I cannot believe how judgy some of you are being. On the one hand, the free-range philosophy is to assume that most parents love their children, know their children, can assess situations and make what they believe to be the best decisions for them and their families at a given time.

    But in this case, whoa…no way. The mother says it was a “mild” day? Nope. You’re going to look up the temperature on that date and time, and prove that it wasn’t mild. Or you point out that you live in Arizona too, and this is just something that is never done. And the kids are probably dehydrated, because most Americans are! (?)

    The mother, knowing her kids, decided that the 2 and 4 year old would be better off waiting in the car. This isn’t good enough though. We learn that a 2 and 4 year old ALWAYS need parental supervision, and if Mom can’t handle that, maybe this wasn’t the time for an errand.

    Mom says it was 20 minutes tops…which turned into 30 minutes for some commenters, because obviously Mom must be wrong.

    And we’re going to instruct Mom to have called ahead, or planned ahead, or dealt with the issue in a whole different way, because if she can’t manage the pain-in-the-ass that errand-running with kids can sometimes be, well maybe she just doesn’t deserve the kids or the dog. (I know no one said this. But it’s certainly the impression I’ve gotten from these comments.)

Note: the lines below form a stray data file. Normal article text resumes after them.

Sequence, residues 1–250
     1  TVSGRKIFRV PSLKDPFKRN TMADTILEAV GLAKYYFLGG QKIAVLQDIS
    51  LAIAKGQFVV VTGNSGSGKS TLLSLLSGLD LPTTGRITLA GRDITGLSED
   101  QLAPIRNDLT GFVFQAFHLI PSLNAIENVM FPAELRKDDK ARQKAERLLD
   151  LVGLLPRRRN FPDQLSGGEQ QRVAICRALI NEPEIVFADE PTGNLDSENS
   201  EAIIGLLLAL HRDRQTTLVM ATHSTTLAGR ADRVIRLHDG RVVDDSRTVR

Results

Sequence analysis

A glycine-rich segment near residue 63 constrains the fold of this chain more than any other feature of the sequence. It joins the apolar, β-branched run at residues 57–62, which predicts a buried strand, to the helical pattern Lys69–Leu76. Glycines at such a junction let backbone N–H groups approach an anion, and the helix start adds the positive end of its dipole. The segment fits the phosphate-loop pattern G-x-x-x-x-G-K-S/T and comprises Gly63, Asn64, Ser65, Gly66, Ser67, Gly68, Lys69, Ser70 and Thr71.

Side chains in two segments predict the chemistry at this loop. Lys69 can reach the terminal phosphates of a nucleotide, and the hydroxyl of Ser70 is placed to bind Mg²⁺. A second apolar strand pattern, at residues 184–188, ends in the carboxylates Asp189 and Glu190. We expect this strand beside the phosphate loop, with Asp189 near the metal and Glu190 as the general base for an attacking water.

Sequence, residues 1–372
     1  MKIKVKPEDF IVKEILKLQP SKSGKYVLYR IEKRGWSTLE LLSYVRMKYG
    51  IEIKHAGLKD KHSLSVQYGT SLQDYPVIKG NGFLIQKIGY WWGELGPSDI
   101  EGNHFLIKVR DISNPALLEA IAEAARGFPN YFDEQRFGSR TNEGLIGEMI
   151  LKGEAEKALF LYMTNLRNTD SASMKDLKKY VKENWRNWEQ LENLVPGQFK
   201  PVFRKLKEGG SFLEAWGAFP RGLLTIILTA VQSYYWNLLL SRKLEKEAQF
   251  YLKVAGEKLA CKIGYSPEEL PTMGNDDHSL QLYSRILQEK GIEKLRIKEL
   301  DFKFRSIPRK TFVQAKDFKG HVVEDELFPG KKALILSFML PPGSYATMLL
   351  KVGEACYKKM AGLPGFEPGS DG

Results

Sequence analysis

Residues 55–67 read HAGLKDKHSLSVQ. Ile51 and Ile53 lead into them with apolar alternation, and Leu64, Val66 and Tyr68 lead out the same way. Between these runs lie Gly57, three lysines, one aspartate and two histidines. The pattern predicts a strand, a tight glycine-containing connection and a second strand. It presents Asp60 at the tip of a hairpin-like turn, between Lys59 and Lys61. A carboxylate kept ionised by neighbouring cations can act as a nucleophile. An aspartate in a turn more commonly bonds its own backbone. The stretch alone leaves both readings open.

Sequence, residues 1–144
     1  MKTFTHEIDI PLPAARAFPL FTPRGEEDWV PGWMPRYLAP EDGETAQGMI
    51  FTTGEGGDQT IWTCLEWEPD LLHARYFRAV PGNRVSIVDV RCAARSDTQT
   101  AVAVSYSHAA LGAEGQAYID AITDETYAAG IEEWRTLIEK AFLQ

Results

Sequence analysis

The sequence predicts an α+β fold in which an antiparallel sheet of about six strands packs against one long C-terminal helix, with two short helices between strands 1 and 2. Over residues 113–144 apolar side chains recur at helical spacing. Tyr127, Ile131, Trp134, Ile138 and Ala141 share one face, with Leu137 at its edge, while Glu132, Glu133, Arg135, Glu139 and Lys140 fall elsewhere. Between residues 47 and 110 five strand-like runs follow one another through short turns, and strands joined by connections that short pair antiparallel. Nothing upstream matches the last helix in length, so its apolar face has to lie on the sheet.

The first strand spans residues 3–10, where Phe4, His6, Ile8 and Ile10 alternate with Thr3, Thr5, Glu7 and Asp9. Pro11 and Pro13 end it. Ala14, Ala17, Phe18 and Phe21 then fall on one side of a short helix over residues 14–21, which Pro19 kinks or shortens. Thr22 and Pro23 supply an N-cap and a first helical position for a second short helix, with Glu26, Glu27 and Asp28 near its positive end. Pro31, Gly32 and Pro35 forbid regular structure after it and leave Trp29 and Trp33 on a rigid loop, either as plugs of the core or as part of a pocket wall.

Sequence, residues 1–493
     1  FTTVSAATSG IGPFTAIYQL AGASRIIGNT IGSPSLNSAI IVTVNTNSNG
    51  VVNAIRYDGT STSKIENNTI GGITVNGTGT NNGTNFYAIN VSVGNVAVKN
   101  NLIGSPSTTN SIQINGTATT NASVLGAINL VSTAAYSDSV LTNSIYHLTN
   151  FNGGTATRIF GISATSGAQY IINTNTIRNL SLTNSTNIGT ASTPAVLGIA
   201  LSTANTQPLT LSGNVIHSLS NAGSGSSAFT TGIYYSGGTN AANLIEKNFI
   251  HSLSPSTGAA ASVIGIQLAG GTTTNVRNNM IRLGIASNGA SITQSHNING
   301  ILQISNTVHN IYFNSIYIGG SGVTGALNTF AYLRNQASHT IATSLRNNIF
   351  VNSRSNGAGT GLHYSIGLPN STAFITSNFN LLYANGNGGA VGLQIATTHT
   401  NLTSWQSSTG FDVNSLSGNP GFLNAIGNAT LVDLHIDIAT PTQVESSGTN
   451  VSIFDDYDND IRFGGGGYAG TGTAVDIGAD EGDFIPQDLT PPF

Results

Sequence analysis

And somehow, for someone, the 2 and 4 year olds became “babies” which, FYI, they are not. It’s just another way to inflame the story and prove that Mom was wrong.

    Those of you who have stood in judgement of this woman, I hope your next parenting decision is scrutinized as closely by complete strangers.

  36. marie January 5, 2014 at 12:02 am #

    Beth, your comment is awesome. Thank you.

    From the original story: A 5-minute trip turned into what I am guessing to be 15 or 20 minutes, tops. (The police report states up to an hour.)

    Notice that the cops didn’t say she was actually in the store an hour; they say she was gone up to an hour, which could be 20 minutes. They just chose to word it in a way to drop big fat hints.

  37. Donna January 5, 2014 at 9:30 am #

    Beth – Being free range doesn’t mean that we abdicate our ability to have opinions about the stories that are presented here. That we are required to say “atta girl” to every parenting decision. That we can’t think a parent, no matter how loving, made an error in judgment in a given situation. God knows I’ve made a million of them in my 8 years of doing this and will probably make 2 million more before I’m done.

    Personally, I think leaving 2 and 4 year old children in a running vehicle for 20 minutes is a really bad idea. I’m far more concerned about the kids getting bored – 20 minutes is a lifetime at that age – and messing with crap than I am the car shutting off and them overheating.

    But a big part of the free range philosophy is the belief that parents will make mistakes and that is okay. The kids still will likely be just fine. It doesn’t require police involvement, CPS and criminal prosecution. And everyone here has pretty much said that – we disagree with her choice but don’t think prosecution should be involved. I haven’t read anything that could even slightly be interpreted as “she doesn’t deserve children or dogs.”